So there are pluses and minuses for both types of fuel, and which type you choose to use will depend on the details of what you are trying to do and how you will be using the rocket.
About a week ago, Steven den Beste posted an interesting item over on the USS Clueless about the importance of maintaining the initiative, specifically not letting the situation in the West Bank distract the US from more pressing concerns in the Middle East—namely Iraq, Iran, and (maybe) Saudi Arabia. In this he was absolutely correct (as is most often the case), but it occurred to me that the reverse was also equally true.
That is, just as it is possible for the US to be distracted by the conflict between Israel and the PLO, it is also possible for the Arab states to become equally distracted by it. So much of their day to day diplomacy and foreign policy is directed towards Israel, that it seems very possible that the current unrest there could draw all of their attention, and serve as a smoke screen for the preparations in the area for US action. Israel is a lightning rod, drawing all of the Arab world’s attention, distracting them from ongoing US action.
According to reports, the US is slowly increasing its military presence in Kuwait, they are looking at alternative basing options to Saudi Arabia, and generally going on about the business of preparing for action against Iraq. Yet beyond some formal expressions of solidarity and disapproval, none of the Arab states seems to be focusing much on this front—they are expending their efforts to try and get the US to lean on Israel.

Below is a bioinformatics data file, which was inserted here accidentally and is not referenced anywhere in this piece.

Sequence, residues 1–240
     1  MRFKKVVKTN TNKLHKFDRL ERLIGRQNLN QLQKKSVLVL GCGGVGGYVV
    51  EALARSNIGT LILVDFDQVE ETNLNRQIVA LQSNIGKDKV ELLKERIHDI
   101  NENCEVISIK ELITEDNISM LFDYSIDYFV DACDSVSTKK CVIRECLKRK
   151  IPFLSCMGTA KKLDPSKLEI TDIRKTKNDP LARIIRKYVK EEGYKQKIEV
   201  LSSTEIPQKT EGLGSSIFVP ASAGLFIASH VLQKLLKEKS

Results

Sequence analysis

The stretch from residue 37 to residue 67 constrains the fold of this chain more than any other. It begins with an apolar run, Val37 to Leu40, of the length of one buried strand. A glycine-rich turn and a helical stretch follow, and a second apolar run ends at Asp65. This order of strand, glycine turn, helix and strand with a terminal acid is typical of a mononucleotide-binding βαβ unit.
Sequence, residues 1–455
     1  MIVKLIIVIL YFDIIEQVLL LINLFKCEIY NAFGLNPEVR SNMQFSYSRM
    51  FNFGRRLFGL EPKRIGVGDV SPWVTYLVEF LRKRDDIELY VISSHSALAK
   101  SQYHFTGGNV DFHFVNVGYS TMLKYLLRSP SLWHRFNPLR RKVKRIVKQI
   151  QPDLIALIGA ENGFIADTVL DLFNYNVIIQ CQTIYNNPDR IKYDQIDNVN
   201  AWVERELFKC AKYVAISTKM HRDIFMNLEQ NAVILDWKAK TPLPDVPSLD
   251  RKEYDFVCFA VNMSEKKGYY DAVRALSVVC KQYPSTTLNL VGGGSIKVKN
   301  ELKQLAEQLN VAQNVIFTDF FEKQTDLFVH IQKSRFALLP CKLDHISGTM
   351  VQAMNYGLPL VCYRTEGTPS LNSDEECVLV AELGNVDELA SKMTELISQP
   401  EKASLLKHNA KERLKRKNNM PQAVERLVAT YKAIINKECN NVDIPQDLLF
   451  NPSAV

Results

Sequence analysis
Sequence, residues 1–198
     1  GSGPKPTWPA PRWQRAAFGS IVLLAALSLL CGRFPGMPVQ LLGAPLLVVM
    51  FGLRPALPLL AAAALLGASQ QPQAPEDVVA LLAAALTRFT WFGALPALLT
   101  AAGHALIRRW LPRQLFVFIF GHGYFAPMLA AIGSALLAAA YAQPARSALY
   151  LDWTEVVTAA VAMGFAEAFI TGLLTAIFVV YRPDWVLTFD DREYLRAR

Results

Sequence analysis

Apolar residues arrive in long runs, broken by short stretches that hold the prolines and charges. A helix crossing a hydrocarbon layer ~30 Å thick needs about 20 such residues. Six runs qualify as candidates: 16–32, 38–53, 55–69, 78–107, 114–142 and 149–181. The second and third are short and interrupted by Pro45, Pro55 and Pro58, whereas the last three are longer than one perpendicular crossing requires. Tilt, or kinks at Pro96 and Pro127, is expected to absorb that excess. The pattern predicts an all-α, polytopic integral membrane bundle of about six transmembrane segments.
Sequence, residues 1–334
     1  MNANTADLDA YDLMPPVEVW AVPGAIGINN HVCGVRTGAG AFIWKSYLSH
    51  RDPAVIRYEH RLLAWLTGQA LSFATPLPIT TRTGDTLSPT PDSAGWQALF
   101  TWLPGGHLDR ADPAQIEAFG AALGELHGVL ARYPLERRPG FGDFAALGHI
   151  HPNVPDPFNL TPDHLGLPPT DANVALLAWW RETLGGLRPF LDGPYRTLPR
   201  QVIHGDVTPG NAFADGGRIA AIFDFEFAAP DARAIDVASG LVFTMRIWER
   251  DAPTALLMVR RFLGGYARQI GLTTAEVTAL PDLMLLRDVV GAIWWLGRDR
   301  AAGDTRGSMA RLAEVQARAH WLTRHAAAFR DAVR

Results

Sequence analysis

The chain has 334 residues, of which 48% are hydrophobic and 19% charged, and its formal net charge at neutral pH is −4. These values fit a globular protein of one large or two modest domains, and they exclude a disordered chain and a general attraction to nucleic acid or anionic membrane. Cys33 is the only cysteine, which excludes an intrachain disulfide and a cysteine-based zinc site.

So in many ways, the Israeli offensive in the West Bank is a win-in situation. The Israelis get to attack and hopefully do serious damage to the Palestinian Authority’s terror network. The US gets to mouth pious platitudes and, maybe, look good by “reining in” Israel, once Israel is done doing what they wanted to do. And the US gets diplomatic cover for its maneuverings preparatory to an assault on Iraq.
A week or so ago, there was a report that one of the September 11th hijackers had received medical treatment for skin lesions possibly consistent with cutaneous anthrax. Unfortunately, the records for that case were inconclusive, so the report was suggestive at best. At the least, it reinforced suspicions that the anthrax attacks might have been connected in some way with the September 11 attacks--one coming so soon after the other seemed like a remarkable coincidence for them to be unrelated, as the FBI was publicly claiming.
Now, a new report in Newsweek says that an analysis of the anthrax from one of the letters shows it to be remarkably sophisticated--more advanced than anything the US has produced. If true, this would blow the FBI's "one germ-man" theory out of the water. It is simply impossible for an individual, no matter how gifted, to have produced such advanced specimens on his own, in a lab in the basement.
The linked article spins this result as a setback to the FBI investigation, which it is, in a way. On the other hand, if the report is true, the advanced milling and unique coating of the anthrax is actually a fantastic lead. It might prove that the FBI's current theory was wrong, but it is nonetheless a critical piece of evidence which should be enough to conclusively identify the source of the anthrax. It's as if an investigation found a set of fingerprints that didn't match the police's current suspect. On the one hand, it's a setback, but on the other hand, the fingerprints are a great piece of evidence.
Similarly, the job now (probably for the CIA rather than the FBI) is to identify what weapons labs in the world are producing this highly advanced, weaponized form of anthrax. If we can find a lab producing such finely milled anthrax, with this unique coating, then the source of the powder will be known. It could be from a weapons lab in the former Soviet Union--if so, hopefully we can ferret that out via diplomacy or espionage. Or it could come from Iraq, which could be proven once we get investigators in the country, either before, or more likely after, the Army.